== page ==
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What Is Masculinity?

My apologies for being absent the last two weeks. I had to go back home for my dad’s 60th birthday and decided to take a full vacation with no work of any kind. While I was there, a friend of mine told me of an article written in the UK about the decline of masculinity and its affects on the DIY (Do It Yourself) mentality that British men allegedly once had. So I thought I’d give a bit of a commentary about the decline of masculinity in general over the last 50 years and see what comes up.

“Where have all the good men gone?”

This is a question that often gets asked in churches, governments and especially by women. It seems like today’s men are either doomed to be shallow, weak and uninteresting or egocentric megalomaniacs with bones to pick and things to prove — which, by the way, is where I think the problem lies. Not in the men, but society’s perception of them.

Yes, the drive, ambition and all-around desire to get things done (by themselves anyway) is less visible in today’s men than it was in previous generations. That’s partially because there’s much less need in the developed world, and it’s also harder to get noticed for being “manly” these days. However, that doesn’t mean that all men are either weak cowards or selfish jerks. Having that attitude only leads to wrong and often devastating interpretations of innocent actions, not good.

See, at one level the vast majority of men inherently desire (with various negative influences stemming from an imperfect childhood) to be masculine. The main problem comes from definition. What does masculinity look like? Society, culture and the church are hopelessly confused. Should we be meek and mild (like Jesus), always watching out for bruised reeds and crying women at our feet? Should we slaughter our enemies (like Jesus will) and drive them from our homes with whips? Should we build our homes with our own bare hands while also changing diapers and cooking for the family?

I’ve thought about this topic for many years, and I’ve chosen to treat it much like I treat doctrine within the church. There are many different men out there. Some will love working in the backyard on their bike; others would prefer to pay someone to do it. Some love to spend hours with their friends on the golf course; others prefer something more virtual. Each is fine.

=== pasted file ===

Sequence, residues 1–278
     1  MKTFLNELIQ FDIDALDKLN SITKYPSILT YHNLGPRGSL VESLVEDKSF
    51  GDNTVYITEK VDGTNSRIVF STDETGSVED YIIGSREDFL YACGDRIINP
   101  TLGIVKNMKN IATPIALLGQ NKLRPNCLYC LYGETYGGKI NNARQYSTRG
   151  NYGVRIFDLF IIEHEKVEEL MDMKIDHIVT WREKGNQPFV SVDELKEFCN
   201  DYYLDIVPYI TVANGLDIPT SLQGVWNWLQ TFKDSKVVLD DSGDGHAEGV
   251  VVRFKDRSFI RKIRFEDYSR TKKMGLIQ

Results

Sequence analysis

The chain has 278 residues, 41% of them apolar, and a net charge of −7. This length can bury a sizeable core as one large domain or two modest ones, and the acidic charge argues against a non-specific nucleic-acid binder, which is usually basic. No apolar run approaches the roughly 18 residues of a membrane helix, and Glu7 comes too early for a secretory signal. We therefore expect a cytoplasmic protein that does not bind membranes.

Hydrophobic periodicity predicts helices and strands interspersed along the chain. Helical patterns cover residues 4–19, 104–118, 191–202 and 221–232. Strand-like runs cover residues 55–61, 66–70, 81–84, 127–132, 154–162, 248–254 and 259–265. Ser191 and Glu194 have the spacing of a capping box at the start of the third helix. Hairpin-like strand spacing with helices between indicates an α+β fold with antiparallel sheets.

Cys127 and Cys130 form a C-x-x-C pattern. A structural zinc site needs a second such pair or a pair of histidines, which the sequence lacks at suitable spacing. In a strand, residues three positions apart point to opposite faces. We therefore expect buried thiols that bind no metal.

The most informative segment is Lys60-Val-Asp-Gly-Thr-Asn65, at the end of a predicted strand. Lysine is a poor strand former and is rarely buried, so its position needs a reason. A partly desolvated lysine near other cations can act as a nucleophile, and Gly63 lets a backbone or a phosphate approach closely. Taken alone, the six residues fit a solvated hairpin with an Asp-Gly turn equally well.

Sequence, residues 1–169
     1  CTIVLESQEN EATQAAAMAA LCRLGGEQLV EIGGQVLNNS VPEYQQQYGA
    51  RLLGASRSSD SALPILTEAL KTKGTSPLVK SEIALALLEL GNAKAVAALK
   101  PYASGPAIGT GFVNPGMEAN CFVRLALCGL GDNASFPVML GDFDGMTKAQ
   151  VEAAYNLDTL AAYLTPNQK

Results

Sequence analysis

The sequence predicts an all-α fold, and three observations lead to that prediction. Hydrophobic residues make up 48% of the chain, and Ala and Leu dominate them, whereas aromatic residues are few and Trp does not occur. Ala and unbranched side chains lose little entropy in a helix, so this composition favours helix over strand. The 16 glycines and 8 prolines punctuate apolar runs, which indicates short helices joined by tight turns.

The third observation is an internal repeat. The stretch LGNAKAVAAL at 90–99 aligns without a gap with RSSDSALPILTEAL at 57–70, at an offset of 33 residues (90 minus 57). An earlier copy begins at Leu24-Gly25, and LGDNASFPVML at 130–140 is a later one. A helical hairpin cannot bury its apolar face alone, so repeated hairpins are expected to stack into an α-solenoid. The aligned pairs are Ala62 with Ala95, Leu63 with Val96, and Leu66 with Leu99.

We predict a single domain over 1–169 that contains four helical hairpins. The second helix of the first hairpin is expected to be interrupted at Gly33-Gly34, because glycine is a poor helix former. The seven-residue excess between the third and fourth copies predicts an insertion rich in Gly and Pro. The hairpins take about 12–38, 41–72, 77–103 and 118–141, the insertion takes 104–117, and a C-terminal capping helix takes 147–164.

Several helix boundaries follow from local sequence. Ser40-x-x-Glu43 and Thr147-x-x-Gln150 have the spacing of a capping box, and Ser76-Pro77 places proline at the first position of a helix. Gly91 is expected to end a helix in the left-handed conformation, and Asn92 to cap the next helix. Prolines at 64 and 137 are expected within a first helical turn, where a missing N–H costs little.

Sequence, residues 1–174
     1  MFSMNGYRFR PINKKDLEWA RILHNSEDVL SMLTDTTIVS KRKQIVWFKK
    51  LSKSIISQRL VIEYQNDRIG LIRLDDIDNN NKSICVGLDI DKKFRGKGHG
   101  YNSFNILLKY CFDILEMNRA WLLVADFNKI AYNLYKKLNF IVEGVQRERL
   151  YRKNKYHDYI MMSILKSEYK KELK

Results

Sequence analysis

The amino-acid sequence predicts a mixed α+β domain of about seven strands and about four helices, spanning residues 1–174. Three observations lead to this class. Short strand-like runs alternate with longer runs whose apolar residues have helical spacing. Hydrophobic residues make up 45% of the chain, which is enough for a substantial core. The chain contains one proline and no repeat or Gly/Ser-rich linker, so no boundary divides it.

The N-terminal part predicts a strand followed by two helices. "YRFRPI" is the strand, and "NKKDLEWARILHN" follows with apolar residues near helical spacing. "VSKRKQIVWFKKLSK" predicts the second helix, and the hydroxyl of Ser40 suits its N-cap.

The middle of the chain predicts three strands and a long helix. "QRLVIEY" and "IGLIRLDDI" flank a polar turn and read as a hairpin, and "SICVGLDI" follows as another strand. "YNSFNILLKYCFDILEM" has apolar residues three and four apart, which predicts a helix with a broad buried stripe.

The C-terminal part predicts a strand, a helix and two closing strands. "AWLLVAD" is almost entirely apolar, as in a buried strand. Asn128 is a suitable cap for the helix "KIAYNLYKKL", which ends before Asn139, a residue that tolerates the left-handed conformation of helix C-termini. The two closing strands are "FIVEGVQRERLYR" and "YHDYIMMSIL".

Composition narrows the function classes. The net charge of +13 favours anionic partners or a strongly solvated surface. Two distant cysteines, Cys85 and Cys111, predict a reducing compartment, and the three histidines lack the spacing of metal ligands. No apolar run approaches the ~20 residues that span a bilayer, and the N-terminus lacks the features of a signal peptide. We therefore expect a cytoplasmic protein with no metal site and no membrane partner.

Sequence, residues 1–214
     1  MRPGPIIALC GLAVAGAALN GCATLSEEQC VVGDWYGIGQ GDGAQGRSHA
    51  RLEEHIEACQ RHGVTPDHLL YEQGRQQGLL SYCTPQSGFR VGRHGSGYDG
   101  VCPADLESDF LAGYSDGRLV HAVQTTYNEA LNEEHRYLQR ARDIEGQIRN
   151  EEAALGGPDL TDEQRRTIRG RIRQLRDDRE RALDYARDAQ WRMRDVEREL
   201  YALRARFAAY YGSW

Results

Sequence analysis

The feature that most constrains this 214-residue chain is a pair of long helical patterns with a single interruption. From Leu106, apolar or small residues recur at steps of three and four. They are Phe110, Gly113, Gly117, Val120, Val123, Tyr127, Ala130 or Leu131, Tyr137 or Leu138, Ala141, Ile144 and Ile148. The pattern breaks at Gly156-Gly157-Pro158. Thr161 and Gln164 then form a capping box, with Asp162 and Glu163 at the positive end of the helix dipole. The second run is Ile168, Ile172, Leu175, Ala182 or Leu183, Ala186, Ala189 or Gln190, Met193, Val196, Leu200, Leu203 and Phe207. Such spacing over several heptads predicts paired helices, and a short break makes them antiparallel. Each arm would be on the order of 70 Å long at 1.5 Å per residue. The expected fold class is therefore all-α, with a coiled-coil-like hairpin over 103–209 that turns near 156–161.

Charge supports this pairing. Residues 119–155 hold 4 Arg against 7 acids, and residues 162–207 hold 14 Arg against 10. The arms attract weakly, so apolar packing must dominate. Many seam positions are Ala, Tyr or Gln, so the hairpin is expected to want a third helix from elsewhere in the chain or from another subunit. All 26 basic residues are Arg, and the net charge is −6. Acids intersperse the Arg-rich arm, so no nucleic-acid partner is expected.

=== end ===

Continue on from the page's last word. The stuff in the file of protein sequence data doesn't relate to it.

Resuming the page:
A key to being a man is taking responsibility.

Responsibility is doing what you need to do, not expecting or hoping that other people will do it for you. Men have specific jobs to get done. You’re the primary provider, protector and teacher of your family, and it’s your responsibility to make sure that these things happen. However, that doesn’t mean that everything must flow solely through you. You might outsource part of the teaching role to your child’s school, ensuring that they get a well-rounded education with other adults that gives them experience with peer interaction as well. Your wife might also want to work, or maybe your eldest child likes to chip into the family budget with his part-time job. If there are possums rampaging about in the attic, you might pay someone to get rid of them or trap them yourself like my dad was telling me about last week. But when it comes down to it, if no one else can help, a man steps up to take responsibility and says, “I will ensure that this happens, whatever personal sacrifice it might take.”

In conclusion, your hobbies and style, how you get the job done, or even your stature isn’t the definition of what it means to be a man. Whether you choose to pay for things to be done or do it yourself doesn’t affect your masculinity. So for all you guys out there wrestling with this question, let me encourage you. Whether you’re skinny, buff, tall, short, quiet, loud, ambitious or content, those things have no bearing on your manhood. If you love the outdoors and doing things around the house, that’s great, and if you love to code inside and play board games, just as awesome. The key is figuring out what God has called for you to do and making sure those things get done.

So what about you? What do you think is the most important thing about being a man?

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